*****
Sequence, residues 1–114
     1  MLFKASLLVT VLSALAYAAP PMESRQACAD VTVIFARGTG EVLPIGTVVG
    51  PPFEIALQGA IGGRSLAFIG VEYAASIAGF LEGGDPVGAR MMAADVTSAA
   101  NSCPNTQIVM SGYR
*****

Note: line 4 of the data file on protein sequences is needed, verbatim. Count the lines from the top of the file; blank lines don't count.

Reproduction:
   101  NSCPNTQIVM SGYR